Professional insurance for your normal work can be reduced, but you need to be aware of what work you are going to do while you are away and make sure you have indemnity in place.

My medical defence organisation was incredibly helpful. You need to know your expedition, how many medics are going on the trip and exactly what your role and responsibilities will be to ensure you have appropriate cover.

Where can you work?

There are plenty of exciting and challenging adventures to use your medical skills on, all you need is imagination and energy. There is virtually no paid expedition work, at best it's a free trip for you but beware of the risks and responsibilities.  

I would suggest paying for expeditions with true charities as the best experience - risks are mitigated wherever possible, but above all there is good back-up if things go wrong. These are all things to consider when doing your research.

These are the organisations I chose to work with during my sabbatical.

Tall Ships Youth Trust

Pictured while working with the Tall Ships Youth Trust

The Tall Ships Youth Trust is based in Portsmouth and has a variety of yachts. It runs an extensive programme of adults trips and youth work expeditions. If you love sailing, the 72 ft Challengers are for you. In my planning year I took a couple of cross channel trips with them, I was then recommended to be a watch leader and did the transatlantic Arc Rally in my sabbatical year.

The administration is excellent, the organisation is professionally-run and very safety conscious. All skippers have the ship captain medical qualifications, communication is first class and advice and guidance from the UK always available. It's a great chance for a sailing doctor to gain some expedition experience, clock up some sea miles and have a great time exploring a wonderful coast and beyond.

Raleigh International

With Raleigh International volunteers in Nicaragua

Raleigh International is an excellent programme of well-supported and well-organised 13-week expeditions to Borneo, Costa Rica/Nicaragua, Nepal and Tanzania. These trips for 18 to 23-year-olds mix adventure expeditions with community projects based around water and sanitation. They are mentally and physically challenging trips, but ultimately immensely rewarding.

My projects in Nicaragua included supporting a village to build a gravity fed water system and walking unsupported nearly coast-to-coast for over 300km. The organisation is well-suited for younger doctors as there is a good medical backup from the UK and excellent pre-expedition in-country planning.There are also other medics and nurses on the project for support and guidance.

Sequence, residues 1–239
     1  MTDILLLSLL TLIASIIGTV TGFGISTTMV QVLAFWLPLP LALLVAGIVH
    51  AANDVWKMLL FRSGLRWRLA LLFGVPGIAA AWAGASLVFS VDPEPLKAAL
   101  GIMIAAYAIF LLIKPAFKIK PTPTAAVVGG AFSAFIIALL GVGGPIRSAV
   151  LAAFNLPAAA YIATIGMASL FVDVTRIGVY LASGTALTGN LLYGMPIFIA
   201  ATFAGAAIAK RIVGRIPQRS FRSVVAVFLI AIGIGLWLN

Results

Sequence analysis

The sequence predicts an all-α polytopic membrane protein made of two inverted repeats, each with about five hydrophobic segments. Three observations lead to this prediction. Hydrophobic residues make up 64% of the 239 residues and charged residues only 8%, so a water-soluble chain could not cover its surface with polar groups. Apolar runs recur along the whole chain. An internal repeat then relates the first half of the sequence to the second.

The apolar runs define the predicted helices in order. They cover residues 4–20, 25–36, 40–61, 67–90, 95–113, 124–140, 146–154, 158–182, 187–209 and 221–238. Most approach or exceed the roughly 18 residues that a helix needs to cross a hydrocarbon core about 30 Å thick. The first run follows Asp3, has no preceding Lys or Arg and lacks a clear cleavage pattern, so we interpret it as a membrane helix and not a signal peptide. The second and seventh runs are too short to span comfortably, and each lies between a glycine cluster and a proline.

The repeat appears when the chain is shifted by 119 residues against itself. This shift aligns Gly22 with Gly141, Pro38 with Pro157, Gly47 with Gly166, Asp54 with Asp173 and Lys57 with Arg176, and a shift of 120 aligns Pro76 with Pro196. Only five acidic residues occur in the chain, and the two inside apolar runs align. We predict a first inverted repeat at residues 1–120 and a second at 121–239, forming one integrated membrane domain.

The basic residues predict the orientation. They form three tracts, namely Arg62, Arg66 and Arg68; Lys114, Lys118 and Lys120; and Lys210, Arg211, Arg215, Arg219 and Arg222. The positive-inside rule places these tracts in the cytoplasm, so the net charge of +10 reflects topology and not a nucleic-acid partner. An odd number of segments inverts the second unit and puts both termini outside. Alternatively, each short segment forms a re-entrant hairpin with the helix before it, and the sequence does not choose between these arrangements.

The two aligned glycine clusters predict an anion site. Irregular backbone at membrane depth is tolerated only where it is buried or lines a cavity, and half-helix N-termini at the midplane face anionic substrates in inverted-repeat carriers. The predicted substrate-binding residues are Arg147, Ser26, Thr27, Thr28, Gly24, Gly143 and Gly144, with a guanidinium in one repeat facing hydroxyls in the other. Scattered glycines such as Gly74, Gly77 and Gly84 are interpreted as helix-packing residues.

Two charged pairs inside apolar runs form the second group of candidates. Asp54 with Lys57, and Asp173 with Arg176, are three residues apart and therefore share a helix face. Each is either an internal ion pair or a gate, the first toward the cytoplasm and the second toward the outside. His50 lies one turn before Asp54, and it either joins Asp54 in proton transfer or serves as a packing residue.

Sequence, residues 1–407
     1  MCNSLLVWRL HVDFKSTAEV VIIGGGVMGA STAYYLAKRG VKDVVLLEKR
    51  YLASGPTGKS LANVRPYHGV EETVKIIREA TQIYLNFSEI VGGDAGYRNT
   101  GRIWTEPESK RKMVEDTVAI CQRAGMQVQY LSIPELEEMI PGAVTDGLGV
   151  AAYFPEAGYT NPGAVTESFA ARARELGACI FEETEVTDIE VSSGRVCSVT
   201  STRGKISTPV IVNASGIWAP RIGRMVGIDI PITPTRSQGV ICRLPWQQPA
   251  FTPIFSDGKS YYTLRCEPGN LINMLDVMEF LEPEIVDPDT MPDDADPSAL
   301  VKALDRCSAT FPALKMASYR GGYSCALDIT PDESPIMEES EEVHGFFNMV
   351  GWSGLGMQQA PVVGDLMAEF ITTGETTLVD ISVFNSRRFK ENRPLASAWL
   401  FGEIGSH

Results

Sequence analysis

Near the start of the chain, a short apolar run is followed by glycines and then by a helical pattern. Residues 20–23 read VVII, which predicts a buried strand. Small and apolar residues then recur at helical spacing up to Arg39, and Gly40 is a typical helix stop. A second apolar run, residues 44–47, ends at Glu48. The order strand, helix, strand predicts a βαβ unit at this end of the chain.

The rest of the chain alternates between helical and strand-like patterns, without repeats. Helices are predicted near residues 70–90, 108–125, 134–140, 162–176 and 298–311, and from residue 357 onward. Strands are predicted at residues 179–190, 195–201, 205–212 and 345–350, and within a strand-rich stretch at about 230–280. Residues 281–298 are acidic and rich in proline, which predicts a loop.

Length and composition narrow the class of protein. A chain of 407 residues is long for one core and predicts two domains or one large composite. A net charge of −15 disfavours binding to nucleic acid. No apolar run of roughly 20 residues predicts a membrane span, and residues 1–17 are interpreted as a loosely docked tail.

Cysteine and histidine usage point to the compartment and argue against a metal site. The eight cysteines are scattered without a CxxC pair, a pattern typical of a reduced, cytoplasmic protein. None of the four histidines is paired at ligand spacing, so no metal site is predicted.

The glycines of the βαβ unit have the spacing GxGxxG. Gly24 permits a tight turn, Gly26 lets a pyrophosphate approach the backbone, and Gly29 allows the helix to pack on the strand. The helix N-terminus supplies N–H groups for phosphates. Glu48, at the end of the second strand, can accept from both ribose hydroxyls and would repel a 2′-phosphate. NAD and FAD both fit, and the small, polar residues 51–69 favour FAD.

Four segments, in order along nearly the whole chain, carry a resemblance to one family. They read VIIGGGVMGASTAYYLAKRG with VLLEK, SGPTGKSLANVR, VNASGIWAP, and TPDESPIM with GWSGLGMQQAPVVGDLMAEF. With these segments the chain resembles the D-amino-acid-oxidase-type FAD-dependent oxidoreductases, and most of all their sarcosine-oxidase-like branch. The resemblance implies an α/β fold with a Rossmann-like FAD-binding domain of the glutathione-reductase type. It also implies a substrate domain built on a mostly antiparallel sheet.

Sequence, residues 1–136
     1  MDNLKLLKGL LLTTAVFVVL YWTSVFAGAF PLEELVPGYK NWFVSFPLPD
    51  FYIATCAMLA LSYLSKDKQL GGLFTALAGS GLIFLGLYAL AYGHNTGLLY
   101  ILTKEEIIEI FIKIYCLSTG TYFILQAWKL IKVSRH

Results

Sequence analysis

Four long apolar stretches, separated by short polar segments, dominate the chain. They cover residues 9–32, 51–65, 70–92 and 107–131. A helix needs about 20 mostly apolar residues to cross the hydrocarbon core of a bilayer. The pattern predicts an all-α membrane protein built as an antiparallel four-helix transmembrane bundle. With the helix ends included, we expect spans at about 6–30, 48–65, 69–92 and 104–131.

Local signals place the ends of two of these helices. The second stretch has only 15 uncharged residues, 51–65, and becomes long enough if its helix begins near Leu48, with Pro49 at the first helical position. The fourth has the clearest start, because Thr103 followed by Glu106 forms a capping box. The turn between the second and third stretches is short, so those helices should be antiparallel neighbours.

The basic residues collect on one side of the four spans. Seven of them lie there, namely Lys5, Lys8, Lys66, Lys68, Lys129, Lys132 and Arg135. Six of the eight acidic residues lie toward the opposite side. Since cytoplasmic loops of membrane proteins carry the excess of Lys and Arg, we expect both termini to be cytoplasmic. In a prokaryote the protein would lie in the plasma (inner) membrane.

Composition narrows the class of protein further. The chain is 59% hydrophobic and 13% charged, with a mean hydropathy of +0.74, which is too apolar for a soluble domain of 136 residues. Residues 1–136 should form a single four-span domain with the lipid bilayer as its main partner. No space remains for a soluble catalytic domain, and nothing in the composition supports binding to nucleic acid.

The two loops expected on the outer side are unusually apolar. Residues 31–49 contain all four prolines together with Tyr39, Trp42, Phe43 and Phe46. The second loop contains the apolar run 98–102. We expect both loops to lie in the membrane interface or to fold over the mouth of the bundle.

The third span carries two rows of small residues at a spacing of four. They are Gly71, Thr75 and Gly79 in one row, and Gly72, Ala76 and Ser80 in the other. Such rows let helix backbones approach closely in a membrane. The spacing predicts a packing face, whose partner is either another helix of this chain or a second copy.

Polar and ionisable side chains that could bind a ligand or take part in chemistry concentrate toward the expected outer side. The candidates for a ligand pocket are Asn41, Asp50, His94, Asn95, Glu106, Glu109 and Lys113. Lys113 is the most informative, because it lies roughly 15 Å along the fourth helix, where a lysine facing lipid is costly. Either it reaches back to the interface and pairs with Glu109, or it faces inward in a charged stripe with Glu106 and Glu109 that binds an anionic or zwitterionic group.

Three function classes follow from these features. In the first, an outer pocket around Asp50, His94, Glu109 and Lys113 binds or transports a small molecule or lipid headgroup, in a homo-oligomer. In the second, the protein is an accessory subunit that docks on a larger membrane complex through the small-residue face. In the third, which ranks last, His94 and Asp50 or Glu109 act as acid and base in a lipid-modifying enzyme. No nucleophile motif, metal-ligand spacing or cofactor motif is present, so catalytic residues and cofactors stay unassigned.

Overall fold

Medical Sailing Ministries

Aboard the Medical Sailing Ministries yacht

Medical Sailing Ministries is a low-key Melbourne church-based charity delivering dental, medical and optometry to the Vanuatu chain of Pacific Islands using a 54-foot yacht.

Administration and planning are excellent and the crews and islanders are incredibly friendly. It's a great way to see Vanuatu through sailing and working in its rural clinics.

This is medicine primarily based around hypertension and diabetes, you run clinics in primary care giving advice to island nurse practitioners without the ability to investigate. It is primary care in its rawest form with only the most basic equipment to use.

Crew are all volunteers and the medical missions run for two weeks usually covering four to five islands. This is a fantastic way to start a holiday of the diving sites and volcanoes in the island chain or en route to Australian or New Zealand, especially if you love sailing.

Action Challenge

In the Sahara while working for Action Challenge

Action Challenge is one of many charity fundraising companies that take clients to exciting places to accomplish a challenge. After undertaking a number of UK-based challenges you're invited to be medic on a foreign trip.

These trips are to some challenging and remote places and as the expedition medic you don’t have to pay. Those undertaking the trips are often very focused on achieving the challenge and raising the money so giving medical advice, and possibly suggesting people don't complete the trip, can be difficult.

The in-country back up is variable and preplanning of evacuations much less comprehensive. I would suggest these sorts of trips for more experienced travellers and doctors due to the increased risk.

Taking a sabbatical is a real opportunity to open your horizons. Imagination is your only limiting factor, so have an ambitious vision and challenge yourself. Whether your sabbatical is a month or a year, if you use it wisely you will come back refreshed, wiser and rejuvenated.

  • Dr Allen is a GP in Hampshire